The most incisive guide to issues facing the American family today . . . An invaluable resource for anyone wishing to stay on the cutting edge of research on family trends.
-W. Bradford Wilcox
Associate Professor of Sociology, University of Virginia
In industrialized Western nations, more women than ever now participate in the workforce, including women who wish to be mothers one day. And yet, a new study by an international team of researchers has found that women consistently underestimate the true “costs”—both time and money—of motherhood, and many women who originally planned to continue working after the birth of their first child find themselves at home.
Titled, “The Mommy Effect: Do Women Anticipate the Employment Affects of Motherhood?”, this National Bureau of Economic Research working paper seeks to address this question using data from the U.S. and U.K. The researchers begin their study by puzzling why the entry of women into the labor force has actually stalled since the 1990s, despite vast increases in female human capital in terms of both education (more years of formal schooling) and job market experience (acquired by delaying childbirth). The researchers hypothesize that, in spite of being more likely to have observed their own mothers working and raising a family, modern women consistently and seriously underestimate “the employment costs of motherhood,” which they “loosely define as the time, effort or money required for them to raise their children in a manner they deem appropriate, while also working outside the home.”
These expectations, the researchers explain, have actually reversed in the past decades. Whereas women in 1968 were actually likely to underestimate their labor-force involvement upon the birth of children (i.e., more stayed in the workforce than expected after the birth of a first child), both British and American women today are actually more likely to overestimate their workforce involvement after the birth of their first child. Since 1985, according to one U.S. survey, roughly 2% of U.S. female high-school seniors have planned to be homemakers at age 30; but since 1990, the number of homemakers has hovered around 15-18%. This is a vast difference in intentions as compared to reality.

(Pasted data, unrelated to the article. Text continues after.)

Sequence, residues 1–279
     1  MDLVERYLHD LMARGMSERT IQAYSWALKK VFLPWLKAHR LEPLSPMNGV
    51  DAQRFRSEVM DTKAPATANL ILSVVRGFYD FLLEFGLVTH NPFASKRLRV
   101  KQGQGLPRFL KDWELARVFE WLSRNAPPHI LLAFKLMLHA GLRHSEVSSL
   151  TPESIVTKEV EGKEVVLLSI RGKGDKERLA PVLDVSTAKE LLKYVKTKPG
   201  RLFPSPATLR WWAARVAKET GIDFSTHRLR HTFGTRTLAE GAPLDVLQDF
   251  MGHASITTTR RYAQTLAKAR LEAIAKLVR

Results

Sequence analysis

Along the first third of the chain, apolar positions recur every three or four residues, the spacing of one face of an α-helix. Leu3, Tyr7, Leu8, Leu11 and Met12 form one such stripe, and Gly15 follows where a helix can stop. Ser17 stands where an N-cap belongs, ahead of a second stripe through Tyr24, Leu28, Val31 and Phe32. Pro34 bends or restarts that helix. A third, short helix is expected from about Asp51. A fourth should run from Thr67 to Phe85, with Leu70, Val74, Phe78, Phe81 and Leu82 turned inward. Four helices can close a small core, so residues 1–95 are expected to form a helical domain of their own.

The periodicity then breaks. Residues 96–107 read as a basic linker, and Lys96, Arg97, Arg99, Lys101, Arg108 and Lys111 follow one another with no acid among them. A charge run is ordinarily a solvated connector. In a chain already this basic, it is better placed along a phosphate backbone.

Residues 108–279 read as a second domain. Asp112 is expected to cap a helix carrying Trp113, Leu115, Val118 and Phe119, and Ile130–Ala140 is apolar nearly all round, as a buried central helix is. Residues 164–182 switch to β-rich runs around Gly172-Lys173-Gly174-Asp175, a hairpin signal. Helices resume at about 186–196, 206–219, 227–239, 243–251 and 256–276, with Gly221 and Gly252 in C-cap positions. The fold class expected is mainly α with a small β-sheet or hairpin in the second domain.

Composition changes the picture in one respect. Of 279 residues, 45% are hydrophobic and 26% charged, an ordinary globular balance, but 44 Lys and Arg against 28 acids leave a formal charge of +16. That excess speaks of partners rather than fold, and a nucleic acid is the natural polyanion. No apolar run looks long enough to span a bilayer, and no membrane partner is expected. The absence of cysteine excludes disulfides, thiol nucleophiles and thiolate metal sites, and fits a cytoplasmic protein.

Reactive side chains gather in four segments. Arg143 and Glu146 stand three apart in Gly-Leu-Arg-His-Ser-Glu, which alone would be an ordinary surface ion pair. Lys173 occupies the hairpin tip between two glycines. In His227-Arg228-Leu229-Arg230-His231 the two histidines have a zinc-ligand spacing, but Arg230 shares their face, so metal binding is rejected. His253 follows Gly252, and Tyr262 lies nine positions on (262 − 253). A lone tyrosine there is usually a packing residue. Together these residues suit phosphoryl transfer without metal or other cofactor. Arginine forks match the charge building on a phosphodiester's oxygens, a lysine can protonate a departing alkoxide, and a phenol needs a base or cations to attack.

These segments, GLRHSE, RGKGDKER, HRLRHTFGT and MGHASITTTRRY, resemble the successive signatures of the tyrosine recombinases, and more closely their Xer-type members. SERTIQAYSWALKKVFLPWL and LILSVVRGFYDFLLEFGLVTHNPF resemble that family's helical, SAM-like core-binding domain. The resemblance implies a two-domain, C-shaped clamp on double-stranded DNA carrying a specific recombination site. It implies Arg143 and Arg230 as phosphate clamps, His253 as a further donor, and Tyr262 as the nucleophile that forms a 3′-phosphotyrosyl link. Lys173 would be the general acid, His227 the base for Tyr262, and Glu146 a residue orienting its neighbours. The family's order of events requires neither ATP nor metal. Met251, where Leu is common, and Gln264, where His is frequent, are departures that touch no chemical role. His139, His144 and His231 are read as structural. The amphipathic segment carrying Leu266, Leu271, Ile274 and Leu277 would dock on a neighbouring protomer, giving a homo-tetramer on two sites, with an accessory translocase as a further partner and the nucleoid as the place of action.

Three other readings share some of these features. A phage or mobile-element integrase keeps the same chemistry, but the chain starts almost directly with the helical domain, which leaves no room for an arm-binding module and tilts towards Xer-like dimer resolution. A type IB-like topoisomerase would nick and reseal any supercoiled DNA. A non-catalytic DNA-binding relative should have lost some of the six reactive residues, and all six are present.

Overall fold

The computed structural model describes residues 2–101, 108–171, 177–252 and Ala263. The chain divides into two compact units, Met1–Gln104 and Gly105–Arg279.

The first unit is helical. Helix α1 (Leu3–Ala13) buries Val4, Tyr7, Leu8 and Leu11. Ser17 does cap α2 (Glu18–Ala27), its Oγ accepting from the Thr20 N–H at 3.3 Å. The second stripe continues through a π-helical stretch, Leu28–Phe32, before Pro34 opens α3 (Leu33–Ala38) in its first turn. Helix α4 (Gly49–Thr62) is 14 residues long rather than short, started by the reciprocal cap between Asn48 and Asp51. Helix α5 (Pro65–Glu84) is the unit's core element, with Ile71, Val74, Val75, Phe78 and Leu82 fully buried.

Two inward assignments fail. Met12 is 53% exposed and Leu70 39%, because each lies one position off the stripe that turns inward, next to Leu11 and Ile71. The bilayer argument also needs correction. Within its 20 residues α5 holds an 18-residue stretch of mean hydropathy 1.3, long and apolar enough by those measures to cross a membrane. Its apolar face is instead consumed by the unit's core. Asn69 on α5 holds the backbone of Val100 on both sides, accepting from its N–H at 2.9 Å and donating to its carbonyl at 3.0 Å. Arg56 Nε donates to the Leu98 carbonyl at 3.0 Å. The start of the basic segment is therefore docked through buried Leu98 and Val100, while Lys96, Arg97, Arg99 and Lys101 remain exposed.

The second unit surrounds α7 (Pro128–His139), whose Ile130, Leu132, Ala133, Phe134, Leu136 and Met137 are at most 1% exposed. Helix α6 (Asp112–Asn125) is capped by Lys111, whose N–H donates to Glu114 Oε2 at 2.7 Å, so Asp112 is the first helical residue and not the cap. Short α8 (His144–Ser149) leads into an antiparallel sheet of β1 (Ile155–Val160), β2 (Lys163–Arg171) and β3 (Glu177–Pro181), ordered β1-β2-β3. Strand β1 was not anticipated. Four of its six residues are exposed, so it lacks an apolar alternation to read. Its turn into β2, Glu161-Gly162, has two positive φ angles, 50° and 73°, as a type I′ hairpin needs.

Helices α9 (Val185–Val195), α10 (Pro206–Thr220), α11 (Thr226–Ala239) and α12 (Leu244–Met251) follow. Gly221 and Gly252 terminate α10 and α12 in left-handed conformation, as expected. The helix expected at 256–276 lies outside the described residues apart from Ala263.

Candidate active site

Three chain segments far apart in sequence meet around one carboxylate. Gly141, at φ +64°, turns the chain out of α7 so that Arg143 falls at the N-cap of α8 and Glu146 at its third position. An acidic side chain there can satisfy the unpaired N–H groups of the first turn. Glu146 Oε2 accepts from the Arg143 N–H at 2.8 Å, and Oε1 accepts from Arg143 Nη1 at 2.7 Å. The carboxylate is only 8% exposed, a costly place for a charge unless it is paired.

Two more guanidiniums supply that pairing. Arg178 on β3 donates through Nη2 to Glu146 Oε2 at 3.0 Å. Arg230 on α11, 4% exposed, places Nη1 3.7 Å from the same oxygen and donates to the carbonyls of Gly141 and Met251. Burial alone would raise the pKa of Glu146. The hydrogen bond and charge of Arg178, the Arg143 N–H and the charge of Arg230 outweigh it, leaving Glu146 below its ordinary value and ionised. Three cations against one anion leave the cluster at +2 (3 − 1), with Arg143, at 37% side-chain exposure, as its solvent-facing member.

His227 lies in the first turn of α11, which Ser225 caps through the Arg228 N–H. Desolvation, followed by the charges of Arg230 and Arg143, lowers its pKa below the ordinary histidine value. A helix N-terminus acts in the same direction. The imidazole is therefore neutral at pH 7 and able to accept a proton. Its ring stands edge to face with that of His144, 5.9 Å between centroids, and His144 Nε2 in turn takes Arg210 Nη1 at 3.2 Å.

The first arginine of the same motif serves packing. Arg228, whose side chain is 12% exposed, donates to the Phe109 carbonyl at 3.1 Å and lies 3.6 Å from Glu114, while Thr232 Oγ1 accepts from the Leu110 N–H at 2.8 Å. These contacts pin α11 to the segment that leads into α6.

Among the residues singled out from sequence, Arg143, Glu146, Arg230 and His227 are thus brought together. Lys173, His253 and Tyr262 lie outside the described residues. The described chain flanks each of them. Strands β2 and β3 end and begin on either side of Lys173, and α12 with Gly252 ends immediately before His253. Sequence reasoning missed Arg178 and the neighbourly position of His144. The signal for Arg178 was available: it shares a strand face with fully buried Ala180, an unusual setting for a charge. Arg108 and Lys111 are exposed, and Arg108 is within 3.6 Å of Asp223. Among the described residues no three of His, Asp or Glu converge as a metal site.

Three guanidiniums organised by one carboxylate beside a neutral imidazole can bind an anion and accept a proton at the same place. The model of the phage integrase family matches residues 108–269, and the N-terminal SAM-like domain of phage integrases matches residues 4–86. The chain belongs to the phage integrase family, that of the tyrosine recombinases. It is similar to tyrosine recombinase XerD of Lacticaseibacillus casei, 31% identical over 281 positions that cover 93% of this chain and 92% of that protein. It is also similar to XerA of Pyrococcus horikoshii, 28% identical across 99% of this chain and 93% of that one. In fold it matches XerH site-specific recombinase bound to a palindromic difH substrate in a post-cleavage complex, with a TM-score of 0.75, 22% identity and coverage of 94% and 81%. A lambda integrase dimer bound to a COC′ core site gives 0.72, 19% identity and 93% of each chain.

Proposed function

To conduct their survey, the researchers glean data from four different data panels from the U.S. and U.K., and use a “basic event-study methodology, using the first child’s year of birth as the ‘event.’” They find that in the U.K., 87% of women who will become mothers in one year are still working, “a rate only three percentage points lower than for men who will become fathers the next year.” The year of the birth, however, roughly 40% of these women leave, with very little “recovery” in the next five-to-ten year period. The results are similar for American women: Depending on the panel examined, roughly 25-40% of these women leave the labor force the year of their first child’s birth. The effect is larger for more educated women, and both delaying childbirth and having had a working mother do not seem to impact the results.
The researchers also find that women’s attitudes become more pessimistic toward work upon the birth of their first child. In addition, the researchers report, both in the U.S. and U.K., “women adopt more traditional views about the appropriate balance between work and family responsibilities upon becoming mothers.” The researchers “interpret these results as demonstrating that, pre-motherhood, women on average underestimate the employment costs of motherhood.” How has this happened, the researchers wonder, in an age where more girls are likely to have grown up watching their own mothers work? The international team points to two likely answers: first, the rise in the popularity of breastfeeding, which puts large demands on women’s time while in a work environment; and second, rising childcare costs, when compared to other costs and salaries.
The researchers close by suggesting two routes for future research. “First,” they wonder, “if current cohorts of women indeed overestimate their future labor supply (as we claim), are they in fact over-investing in education?” To back up this rather provocative question, they cite a 2012 study of medical professionals finding that female doctors over-invest in their own education: “given that female doctors work significantly fewer hours than male doctors, these students should have instead become physicians’ assistants.”
The second research area this team proposes is “given that the employment costs of motherhood might change over time due to technological developments or changes in norms . . . future work might focus on why they change.” They reflect on the fact that women today report that they spend more time with their children than their own mothers did. “On face,” the researchers comment, “it is deeply puzzling that at a moment when women are more prepared than ever for long careers in the labor market, norms would change in a manner that encourages them to spend more time at home”—norms such as the expectation of breastfeeding, or of more hours spent with children.
Such “norms” may be puzzling, but they also seem to reflect several decades worth of research demonstrating that small children need their mothers close by.
(Ilyana Kuziemko et al., “The Mommy Effect: Do Women Anticipate the Employment Effects of Motherhood?” NBER Working Paper 24740 [June 2018], http://www.nber.org/papers/w24740.)